Tuesday, 23 February 2016


The Ugly Renaissance at Amazon
One of the books I am currently reading is Alexander Lee's "The Ugly Renaissance: Sex, Greed, Violence & Depravity in an Age of Beauty," a modern scholar's unabashed and unapologetic foray into the demi-monde of Renaissance icons Botticelli, da Vinci and Michelangelo, the "Ugly's" preface featured a dialogue that, for me, leapt right off of the pages. Below I quote from the book a paragraph that I found especially poignant:

“…precisely because it is so very easy to be seduced by the beauty and elegance of the art and literature of the Renaissance, the uglier side of the period is all too easily forgotten and overlooked. Perhaps by virtue of the Romantic aura that surrounds its cultural achievements, the titillating private lives of its artists, the sordid concerns of its patrons, and the superabundance of intolerant hatred in its streets are regularly swept under the carpet and glossed over with the illusion of unblemished perfection. At the level of historical accuracy, this tendency is unfortunate merely because it introduces a somewhat artificial separation between high culture and social realities. But at a much more human level, it is also unfortunate because it robs the period of its excitement, its vividness, and its true sense of wonder. For it is only by appreciating the seamier, grittier side of the Renaissance that the extent of its cultural achievements really becomes clear.”

Although Lee is speaking of a thesis shared[1] by 15th century philosopher Giovanni Pico della Mirandola in his magnum opus Oration on the Dignity of Man and Michelangelo's David, I think the sentiment applies wholeheartedly to the genre of Classical Music and Opera and of its practitioners as well as it's patrons (and critics). It is exactly the premise that unravelingmusicalmyths.blogspot.ca seeks to convey.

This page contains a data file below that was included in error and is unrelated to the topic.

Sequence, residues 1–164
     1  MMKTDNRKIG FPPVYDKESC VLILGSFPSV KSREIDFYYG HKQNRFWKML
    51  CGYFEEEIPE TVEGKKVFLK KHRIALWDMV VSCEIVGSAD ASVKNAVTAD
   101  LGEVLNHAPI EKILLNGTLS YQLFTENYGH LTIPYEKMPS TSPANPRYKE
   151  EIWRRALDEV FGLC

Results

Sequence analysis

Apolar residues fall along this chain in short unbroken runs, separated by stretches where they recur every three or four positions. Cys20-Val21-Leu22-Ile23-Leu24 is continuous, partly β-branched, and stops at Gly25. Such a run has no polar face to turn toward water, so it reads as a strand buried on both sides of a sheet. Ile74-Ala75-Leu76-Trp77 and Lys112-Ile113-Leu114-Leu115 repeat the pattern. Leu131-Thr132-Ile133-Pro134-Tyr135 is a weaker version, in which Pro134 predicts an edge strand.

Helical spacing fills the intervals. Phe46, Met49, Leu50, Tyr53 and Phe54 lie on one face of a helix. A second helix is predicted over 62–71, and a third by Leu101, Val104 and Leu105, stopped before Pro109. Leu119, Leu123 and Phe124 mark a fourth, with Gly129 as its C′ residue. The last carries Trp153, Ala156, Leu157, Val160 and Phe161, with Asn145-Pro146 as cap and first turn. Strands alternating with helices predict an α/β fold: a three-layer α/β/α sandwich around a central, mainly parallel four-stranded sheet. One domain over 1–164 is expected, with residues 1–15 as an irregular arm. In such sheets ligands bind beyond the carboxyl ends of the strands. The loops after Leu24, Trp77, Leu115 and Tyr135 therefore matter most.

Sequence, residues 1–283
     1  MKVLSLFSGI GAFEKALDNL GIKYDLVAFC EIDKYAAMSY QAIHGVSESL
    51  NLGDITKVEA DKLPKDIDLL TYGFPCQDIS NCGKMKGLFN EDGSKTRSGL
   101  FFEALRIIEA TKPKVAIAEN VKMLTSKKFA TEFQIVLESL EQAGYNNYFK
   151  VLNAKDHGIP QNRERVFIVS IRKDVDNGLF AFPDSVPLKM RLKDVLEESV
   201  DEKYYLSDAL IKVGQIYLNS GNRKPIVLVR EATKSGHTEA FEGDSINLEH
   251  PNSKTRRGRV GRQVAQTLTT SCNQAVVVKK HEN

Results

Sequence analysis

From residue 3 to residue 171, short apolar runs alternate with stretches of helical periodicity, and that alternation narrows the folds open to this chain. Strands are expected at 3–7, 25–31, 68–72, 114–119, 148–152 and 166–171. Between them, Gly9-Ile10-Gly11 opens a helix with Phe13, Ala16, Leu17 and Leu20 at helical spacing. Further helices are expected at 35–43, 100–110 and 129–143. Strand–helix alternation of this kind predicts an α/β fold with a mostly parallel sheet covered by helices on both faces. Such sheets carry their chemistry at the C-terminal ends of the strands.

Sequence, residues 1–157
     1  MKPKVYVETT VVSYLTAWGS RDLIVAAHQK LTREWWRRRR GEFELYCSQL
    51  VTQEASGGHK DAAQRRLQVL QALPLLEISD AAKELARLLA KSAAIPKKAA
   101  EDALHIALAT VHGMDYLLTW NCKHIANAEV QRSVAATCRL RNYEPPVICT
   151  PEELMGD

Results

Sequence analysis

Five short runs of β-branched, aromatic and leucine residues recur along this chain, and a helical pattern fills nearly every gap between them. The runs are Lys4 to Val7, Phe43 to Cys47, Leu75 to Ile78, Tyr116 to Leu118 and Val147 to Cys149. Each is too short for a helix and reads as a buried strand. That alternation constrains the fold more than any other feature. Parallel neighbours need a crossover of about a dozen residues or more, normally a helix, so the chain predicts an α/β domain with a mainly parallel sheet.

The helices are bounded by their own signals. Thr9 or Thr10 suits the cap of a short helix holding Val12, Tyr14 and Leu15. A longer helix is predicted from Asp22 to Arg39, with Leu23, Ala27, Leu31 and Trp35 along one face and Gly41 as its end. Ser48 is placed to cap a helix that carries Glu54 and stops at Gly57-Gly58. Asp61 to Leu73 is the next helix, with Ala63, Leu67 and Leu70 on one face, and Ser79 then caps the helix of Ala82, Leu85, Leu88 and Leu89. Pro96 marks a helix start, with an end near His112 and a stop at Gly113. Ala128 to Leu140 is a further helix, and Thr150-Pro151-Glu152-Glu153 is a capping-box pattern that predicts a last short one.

While there is something to be said about an aura of mystique, the notion that true creative genius is best appreciated when viewing the picture as a whole, in my opinion, cannot be overstated when it comes to the lives and works of our great composers. In every triumph there lurks the shade of failures past - in every beauty, the blemish of matter defiled - it is through attuning one self to the shaky first steps of our icons, walking with them through their fumbles and forays into the field of excellence that we can appreciate the full extent of their efforts and the choice of material found within their oeuvres. Furthermore, if we take into context the social, political and economic factors of the state in which each of our favorite composers' lived - in times of revolution, in times of war - and almost never in détente, we can further understand precisely why certain decisions were made: in regards to libretto, style and genre, and critical acclaim or public outrage.

It is only in this vein that we may begin to view our musical heroes not as demi-gods with unearthly talents, but rather as very much - very uniquely -

It is when we choose not to deify our beloved composers that their respective talents become that much more impressive.

Listen below to Italian Renaissance composer Giovanni Gabrieli's (c. 1554-1612) exquisite setting of "O Magnum Mysterium"

[1]that of man’s placement amongst the arts (and his supposed innate genius) as being identified by the amalgamation of free will and sociological influence.


No comments:

Post a Comment